KARACHI: Two conjoined twins have been successfully separated after a surgery at the Aga Khan University Hospital, the first of its kind at the hospital and in Karachi.
Their parents I*, a police official, and U*, residents of Pano Akil, expressed their delight after the successful surgery as they had lost all hope of having the procedure done.
Conjoined twins are rare, their estimated incidence is one in 250,000 of live births. In this particular case, S* and M*, were joined from the lower breastbone to the upper abdomen, and shared a liver.
For the first two weeks of the girls' lives, I* went from doctor to doctor looking for help. He even travelled to Karachi, where doctors at a hospital told him that nothing could be done at the time and to return when the girls were older. Distressed but not defeated, I* returned home with his daughters.
When the girls were around three and half months old, I* and U* once again found themselves in Karachi where a doctor referred them to the Aga Khan University Hospital.
"When we received the two girls, we were happy to see that at least one of them had been progressing at par with other children in the same age group," said Dr Zafar Nazir, the paediatric surgeon who treated the twins.
The girls were admitted and a multidisciplinary team of paediatric surgeons, radiologists, cardiologists, anaesthesiologists, paediatricians, nurses and operating room technicians was drawn together to discuss possible surgical scenarios and equipment. The team comprised around 45. The planning phase of the surgery took about a month and a half in which the group broke up into smaller specialised teams, each with a particular role in the surgery. A day before the actual surgery, the teams did a full 'dress rehearsal' to check if all aspects of the procedure had been addressed.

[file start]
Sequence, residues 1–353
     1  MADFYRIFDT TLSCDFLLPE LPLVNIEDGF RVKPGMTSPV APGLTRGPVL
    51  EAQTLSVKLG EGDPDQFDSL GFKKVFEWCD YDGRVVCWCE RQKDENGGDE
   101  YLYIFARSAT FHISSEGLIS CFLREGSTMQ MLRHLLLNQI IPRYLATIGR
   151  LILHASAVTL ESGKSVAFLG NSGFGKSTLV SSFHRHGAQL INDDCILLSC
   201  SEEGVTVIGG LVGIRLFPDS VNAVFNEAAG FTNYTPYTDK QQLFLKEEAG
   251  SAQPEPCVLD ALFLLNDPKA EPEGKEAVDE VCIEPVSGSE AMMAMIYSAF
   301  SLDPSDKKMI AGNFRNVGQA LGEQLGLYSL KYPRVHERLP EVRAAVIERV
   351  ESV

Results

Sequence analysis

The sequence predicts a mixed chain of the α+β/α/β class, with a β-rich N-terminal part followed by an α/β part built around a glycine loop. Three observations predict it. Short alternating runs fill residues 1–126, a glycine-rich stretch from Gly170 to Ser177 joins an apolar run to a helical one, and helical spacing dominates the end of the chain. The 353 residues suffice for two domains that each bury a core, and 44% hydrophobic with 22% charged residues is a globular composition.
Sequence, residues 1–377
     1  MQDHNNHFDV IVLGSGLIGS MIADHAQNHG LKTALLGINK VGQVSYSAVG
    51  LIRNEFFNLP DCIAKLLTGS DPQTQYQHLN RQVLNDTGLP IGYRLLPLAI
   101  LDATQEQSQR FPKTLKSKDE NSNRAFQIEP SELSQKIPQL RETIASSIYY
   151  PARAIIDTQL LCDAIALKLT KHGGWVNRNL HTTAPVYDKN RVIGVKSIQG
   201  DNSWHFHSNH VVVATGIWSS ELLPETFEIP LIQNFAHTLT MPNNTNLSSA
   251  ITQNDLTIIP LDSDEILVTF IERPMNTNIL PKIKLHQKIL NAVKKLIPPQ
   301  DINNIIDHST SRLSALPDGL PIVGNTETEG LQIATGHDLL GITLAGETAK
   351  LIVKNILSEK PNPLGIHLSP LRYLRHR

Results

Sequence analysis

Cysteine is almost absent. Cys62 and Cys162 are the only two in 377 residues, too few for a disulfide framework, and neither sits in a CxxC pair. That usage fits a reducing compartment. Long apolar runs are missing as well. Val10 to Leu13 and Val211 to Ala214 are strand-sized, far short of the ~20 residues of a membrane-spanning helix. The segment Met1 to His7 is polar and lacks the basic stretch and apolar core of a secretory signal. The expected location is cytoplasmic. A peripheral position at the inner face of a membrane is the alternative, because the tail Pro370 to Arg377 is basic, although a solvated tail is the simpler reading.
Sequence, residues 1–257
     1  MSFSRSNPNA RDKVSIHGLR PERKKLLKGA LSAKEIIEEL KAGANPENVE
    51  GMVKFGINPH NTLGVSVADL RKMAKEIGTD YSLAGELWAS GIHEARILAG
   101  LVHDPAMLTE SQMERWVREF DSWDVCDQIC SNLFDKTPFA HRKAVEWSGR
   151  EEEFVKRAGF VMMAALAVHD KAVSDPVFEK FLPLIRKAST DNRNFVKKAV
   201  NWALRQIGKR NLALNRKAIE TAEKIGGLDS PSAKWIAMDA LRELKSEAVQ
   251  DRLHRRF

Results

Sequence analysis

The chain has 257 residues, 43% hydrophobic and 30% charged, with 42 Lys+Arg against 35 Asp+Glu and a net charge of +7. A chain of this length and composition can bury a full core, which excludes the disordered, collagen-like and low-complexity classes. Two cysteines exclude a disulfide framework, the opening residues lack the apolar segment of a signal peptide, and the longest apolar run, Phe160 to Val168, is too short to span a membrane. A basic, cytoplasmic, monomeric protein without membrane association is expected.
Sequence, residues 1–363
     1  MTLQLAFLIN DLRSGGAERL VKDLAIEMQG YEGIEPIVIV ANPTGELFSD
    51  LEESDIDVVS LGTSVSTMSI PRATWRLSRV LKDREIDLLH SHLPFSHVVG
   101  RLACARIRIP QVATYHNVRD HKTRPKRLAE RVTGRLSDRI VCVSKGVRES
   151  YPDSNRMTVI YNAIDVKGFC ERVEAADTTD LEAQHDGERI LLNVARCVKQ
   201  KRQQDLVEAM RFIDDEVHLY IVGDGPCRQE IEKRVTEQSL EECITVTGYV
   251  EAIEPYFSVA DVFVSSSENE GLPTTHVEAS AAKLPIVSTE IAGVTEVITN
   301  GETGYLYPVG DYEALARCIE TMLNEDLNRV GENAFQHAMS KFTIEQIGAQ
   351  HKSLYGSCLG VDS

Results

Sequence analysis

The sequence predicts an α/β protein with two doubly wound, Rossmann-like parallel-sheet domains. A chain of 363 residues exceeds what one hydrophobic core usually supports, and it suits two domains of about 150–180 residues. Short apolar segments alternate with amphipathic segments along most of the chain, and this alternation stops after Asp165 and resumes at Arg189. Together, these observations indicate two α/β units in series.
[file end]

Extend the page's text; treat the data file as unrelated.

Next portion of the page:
On December 1, a 20-member surgical team headed by Dr Nazir, and assisted by Dr Arif Mateen Khan, Dr Saqib Qazi and Dr Ahmed Vaqas (paediatric surgery), Dr Fauzia Khan, Dr Faisal Shamim and Dr Hamid (paediatric anaesthesia) performed the seven-hour procedure. Five days later, the girls were shifted to the special care unit of the paediatric ward.
Dr Nazir is optimistic about their future though one of the twins, with a congenital heart defect, will have to return for further surgery.
For U* and I* there is a reason to hope once again that their daughters will grow up to live normal and happy lives. "We were told that this was not possible in Pakistan," recollects U*. "But my husband and I clung to the hope that somehow, somewhere we would find a cure, and we did when we came to this hospital."
*Names have been changed to protect the privacy of the family
Published in The Express Tribune, December 10th, 2014.